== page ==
New York Attorney General Eric Schneiderman announced that his office will provide training to the state's hospitals on how to ensure equal access to care for transgender individuals.
The Attorney General's Civil Rights Bureau is working with the Greater New York Hospital Association to address the challenges transgender patients face in healthcare settings, as well as to ensure best practices from providers treating them.
Hospital leaders need to be educated about the unique needs of transgender individuals and the social difficulties they may face, but they also need to promote an attitude of acceptance and tolerance among their staff, said Perry Halkitis, a professor who studies LGBT health issues at New York University's Global Institute of Public Health.
“We're talking about everything as simple as understanding what it means (to be transgender) and understanding that gender identity is something that exists on a continuum,” Halkitis said.
Very little time is spent talking about gender identity in medical school, so provider education is important, Halkitis said. But hospitals also need to think about their facilities and processes, such as the need for gender-neutral bathrooms and appropriate forms for patients who may not be comfortable identifying simply as either “male” or “female.”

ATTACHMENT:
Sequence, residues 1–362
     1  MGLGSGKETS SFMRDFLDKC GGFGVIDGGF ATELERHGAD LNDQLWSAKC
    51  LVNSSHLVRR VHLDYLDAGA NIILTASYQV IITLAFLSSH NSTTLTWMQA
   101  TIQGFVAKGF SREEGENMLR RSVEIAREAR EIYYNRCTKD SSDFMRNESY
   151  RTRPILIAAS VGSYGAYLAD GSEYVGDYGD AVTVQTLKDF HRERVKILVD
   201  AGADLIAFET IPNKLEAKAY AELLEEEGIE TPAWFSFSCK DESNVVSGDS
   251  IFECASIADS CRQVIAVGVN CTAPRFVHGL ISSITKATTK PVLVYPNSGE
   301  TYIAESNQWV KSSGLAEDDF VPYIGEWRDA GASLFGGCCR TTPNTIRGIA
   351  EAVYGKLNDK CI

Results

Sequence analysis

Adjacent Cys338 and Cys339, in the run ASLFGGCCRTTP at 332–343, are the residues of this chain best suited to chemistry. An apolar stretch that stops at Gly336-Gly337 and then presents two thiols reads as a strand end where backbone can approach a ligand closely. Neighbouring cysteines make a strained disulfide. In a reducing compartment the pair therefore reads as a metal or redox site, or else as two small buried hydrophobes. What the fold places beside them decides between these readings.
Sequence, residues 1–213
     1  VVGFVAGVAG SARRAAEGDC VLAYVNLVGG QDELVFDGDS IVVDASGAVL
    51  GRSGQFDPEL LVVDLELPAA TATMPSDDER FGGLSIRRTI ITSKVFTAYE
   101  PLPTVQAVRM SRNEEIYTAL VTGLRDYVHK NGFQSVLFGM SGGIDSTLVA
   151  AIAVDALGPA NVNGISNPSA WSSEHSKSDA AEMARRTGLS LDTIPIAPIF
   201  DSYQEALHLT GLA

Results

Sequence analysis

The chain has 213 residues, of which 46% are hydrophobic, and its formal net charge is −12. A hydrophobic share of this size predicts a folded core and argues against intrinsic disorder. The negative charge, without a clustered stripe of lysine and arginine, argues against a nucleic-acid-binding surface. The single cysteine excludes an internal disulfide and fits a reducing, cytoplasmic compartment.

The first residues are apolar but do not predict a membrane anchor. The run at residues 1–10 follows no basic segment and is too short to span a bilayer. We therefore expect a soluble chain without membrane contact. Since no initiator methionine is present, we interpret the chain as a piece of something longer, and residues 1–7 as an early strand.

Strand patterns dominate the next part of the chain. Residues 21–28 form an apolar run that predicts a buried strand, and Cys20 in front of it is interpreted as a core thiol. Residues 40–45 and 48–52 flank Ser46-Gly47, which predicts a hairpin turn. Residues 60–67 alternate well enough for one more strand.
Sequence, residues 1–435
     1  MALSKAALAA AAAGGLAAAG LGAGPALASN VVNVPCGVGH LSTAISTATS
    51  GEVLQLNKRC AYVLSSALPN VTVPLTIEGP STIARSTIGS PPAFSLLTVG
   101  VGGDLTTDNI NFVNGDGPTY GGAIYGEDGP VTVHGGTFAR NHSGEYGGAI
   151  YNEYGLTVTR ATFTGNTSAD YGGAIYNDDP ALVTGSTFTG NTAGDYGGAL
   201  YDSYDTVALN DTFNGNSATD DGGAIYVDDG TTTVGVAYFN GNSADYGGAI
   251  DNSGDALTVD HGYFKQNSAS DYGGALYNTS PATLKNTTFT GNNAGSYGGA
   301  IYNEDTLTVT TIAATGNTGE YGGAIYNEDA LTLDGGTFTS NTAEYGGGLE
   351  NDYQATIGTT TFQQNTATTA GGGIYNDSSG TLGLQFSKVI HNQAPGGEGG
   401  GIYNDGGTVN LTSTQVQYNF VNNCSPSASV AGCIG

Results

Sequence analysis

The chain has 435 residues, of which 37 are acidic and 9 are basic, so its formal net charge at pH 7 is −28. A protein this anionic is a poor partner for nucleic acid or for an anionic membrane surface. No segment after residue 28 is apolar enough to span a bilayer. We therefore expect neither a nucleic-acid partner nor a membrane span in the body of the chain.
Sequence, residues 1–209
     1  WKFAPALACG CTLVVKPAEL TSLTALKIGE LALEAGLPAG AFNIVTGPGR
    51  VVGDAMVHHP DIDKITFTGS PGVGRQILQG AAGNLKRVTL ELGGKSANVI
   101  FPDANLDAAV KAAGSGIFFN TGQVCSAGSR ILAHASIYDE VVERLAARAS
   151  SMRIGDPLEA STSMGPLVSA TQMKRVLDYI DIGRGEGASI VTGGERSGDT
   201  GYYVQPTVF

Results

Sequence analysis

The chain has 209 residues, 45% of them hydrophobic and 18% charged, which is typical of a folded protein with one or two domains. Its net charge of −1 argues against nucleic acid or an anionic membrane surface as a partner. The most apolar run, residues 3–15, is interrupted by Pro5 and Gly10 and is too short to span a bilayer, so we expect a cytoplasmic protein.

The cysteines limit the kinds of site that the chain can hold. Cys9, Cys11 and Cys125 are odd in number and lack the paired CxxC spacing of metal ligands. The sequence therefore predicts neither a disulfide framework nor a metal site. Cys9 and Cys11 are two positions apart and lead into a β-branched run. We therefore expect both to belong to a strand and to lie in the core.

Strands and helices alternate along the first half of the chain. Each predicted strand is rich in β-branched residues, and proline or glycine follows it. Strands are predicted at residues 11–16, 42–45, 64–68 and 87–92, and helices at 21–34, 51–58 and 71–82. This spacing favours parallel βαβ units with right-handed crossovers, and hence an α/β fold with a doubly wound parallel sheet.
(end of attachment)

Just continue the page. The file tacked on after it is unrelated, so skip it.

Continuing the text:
A survey of transgender people in 2011 found that 24% had been denied equal treatment in a doctor's office or hospital, according to statistics from the National Center for Transgender Equality and the National Gay and Lesbian Task Force. The Institute of Medicine released a report (PDF) in 2011 calling for further research on the health status of LGBT individuals.
Even in New York City, one of the nation's most LGBT-friendly areas, Lambda Legal, an LGBT civil rights group, found that few hospitals had protocols or education in place for providers dealing with transgender patients, with the exception of a few forward-thinking facilities.
Hoping to resolve the issue, staff members at the New York attorney general's office, along with experts from Lambda Legal, led a series of briefings for members of the Greater New York Hospital Association's LGBT Workgroup. Planned programming will be targeted for diversity and quality officers, legal counsel, compliance personnel and other relevant administrators.
“It's the first time I've seen a state official have this kind of leadership where he's sending a message to trans New Yorkers, but also to the nation, that transgender people's treatment in hospital settings and medical settings matters and needs protections,” said M. Dru Levasseur, director of the Transgender Rights Project at Lambda Legal.